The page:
competition season, we courageously crossed those railroad tracks to compete scholastically with
white students. Our various schools students never disappointed us. They always managed to
return victoriously with first and second place trophies, and ribbons. What was the basis for such
demeaning criteria? Hey, NAACP and Mr. Martin Luther King, defiantly my dream was not
the same as yours. Was integration the only way for me to receive a fair education? I do not
want to go anywhere I am not welcomed and have racism spitting on my dreams. Nor have
police dogs attack my dreams and called a nigger in life threatening tones. At this point, I am
shouting in my pissed off mind, Integration, will murder my dreams and get away with it in the

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Oklahoma by court order devised a cross-districting plan of integration solely for the purposes of
integrating our schools. News reports said that it legally was due to the ratified 14th amendment
from July 9, 1868 regarding an Equal Protection Clause. Oklahomas school districts were in
Federal violation of conducting a dual school system (Dowell vs Oklahoma 1961).
The year of 1972 altered my lifes dreams forever. Pardon my explicit language from this point
forward. However, realistically racism has no socially appropriate language. Nor does it give
birth to any wonderful images to help you, the reader gently relive my cultural scarred
encounters with racism that periodically rears its nasty heads in my life today. If one of them
crackers call me ah niggah, Im busting them in their damn mouth-straight up! vehemently
shouted Eugene Crenshaw (one of our school bullies) while we waited on our school bus to
arrive. We all swore we were not going to take any shit from any redneck that approached us on
the other side of those railroad tracks.
Emotionally, I was smitten with a heavy sense of depression as our school bus slowly drove off.
Its presence captured my joy that I normally experienced on the first day of school. Why, God?
Why? Suddenly, I heard the bus driver yell, Yall betta settle down. Were coming up on the
railroad tracks. Jesus, would you look at this! Frozen in disbelief, I silently mouthed, What in
the awful hell is this? Angry white people with hurtful signs literally suffocated every inch of
both sides of the streets from the railroad tracks all the way to Southeast High School. Gone
back home, Niggers! Niggers are dumb for a reason! Monkeys belong in a zoo-Not in our
schools! Crash Crash . . . Terribly frightened, we all took shelter underneath the seats on the
bus for safety. Get yah nigger asses back across those railroad tracks where yall belong.
Hey, bus driver! Back this damn bus up and take us home! We all seemed to shout
simultaneously. Horrifically, there was broken glass, bricks, and bottles everywhere in our bus

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that reeked with the stench of racism. Oh yeah, there were cops on standby as well. Willingly,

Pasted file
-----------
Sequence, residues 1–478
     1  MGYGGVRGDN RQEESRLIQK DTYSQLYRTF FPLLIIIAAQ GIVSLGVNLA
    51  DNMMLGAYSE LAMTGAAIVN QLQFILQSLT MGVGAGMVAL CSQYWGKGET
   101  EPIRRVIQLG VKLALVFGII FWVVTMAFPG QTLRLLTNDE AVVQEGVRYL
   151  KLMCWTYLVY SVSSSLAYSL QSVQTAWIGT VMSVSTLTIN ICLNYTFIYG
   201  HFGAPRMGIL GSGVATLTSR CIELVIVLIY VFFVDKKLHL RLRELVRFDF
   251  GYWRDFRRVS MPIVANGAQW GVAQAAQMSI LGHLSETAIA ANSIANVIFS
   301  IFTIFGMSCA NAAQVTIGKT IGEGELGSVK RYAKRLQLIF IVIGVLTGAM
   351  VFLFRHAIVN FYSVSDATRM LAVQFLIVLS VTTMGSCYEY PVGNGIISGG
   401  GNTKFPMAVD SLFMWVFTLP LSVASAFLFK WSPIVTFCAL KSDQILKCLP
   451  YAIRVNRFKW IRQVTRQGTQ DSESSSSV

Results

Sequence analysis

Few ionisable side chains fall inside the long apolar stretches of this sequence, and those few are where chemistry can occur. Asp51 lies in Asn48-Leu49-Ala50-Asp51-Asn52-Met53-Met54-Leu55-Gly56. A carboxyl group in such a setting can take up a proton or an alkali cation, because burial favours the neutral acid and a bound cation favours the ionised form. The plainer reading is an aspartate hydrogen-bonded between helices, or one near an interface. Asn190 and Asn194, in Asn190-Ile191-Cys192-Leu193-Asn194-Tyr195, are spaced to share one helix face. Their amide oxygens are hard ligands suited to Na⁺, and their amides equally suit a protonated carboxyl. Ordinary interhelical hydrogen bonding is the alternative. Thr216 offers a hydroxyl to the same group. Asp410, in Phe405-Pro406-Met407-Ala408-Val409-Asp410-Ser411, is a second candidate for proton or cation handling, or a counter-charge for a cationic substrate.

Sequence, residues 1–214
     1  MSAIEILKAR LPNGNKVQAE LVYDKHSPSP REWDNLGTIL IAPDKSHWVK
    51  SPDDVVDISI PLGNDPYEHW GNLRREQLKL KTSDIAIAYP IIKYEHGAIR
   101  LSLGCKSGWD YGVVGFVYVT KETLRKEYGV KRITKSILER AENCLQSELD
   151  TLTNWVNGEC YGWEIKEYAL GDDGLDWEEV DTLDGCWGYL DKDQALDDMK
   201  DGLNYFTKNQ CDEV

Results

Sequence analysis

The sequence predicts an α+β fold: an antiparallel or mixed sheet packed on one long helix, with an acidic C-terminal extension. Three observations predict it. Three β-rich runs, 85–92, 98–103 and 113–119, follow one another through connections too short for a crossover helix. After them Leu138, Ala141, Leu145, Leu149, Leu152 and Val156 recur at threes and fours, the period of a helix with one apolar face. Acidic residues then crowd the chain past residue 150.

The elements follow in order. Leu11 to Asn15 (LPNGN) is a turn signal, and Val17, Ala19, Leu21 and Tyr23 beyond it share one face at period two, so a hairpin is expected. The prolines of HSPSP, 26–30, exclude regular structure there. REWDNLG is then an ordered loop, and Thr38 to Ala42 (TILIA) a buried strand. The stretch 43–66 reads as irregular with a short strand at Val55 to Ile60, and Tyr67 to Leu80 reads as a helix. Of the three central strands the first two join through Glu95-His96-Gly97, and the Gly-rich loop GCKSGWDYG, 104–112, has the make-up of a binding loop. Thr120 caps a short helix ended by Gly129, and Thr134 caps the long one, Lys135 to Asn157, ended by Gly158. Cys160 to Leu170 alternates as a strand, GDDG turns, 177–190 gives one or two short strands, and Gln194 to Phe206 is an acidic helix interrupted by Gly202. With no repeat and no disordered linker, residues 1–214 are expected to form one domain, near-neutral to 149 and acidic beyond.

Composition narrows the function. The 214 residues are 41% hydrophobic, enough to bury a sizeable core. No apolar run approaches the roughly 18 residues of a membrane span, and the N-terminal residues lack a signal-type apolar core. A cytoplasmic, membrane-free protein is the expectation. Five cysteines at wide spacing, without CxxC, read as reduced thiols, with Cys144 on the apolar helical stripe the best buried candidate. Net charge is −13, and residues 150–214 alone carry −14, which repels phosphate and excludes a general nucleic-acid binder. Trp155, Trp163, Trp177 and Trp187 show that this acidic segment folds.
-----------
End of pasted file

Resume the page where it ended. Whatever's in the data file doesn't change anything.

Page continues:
they stood by like silent, yet consenting soldiers watching our battered bus helplessly make its
way through an avalanche of seething hatred. Try imagining that in your minds and hearts.
Rancorously, white cops stood in military like rows as our bus driver squeamishly came to a
scary stop in front of the school. Officer is it safe to allow these students to get off of this here
bus? asked the bus driver after he hesitantly opened the bus doors. Well, we cant guarantee
their safety from here to the front door. However, under court order these kids have to get off of
this here bus., replied the police officer with a twitching smirk on his face.
It was in those moments that I learned to despise and hate the faces of racism. Immediately, I
understood how my tarred, feathered, raped, castrated, spirits with broken hearts and lynched
ancestors still feel in their unmarked graves everywhere in America. Sharing these childhood
memories with you, the reader still ransacks my soul with tearful remorse. In an instant, my
dreams transformed into something else called Activism. The insane reality of escalating
outbreak of senseless racial murders today, keeps me rooted and grounded in the reality that I
must continue to fight with other human rights activists the needful purpose to destroy racism
everywhere that it lives. Until there is truly one nation everywhere with a fair judicial system
that honors the human rights of ALL, civilly, I will remain a thorny presence in racisms
penetrable skin. Regardless, if I did not have an intelligently beautiful daughter and an
outstanding grandson, I would still be an activist. Integrating to improve the quality of education
for the poor and disproportionately disenfranchised during the 70s was costly. I am reminded
daily of this expensive educational cost every time I cross railroad tracks not only in Oklahoma,
throughout the world. What are we going to do about our failing public school systems today?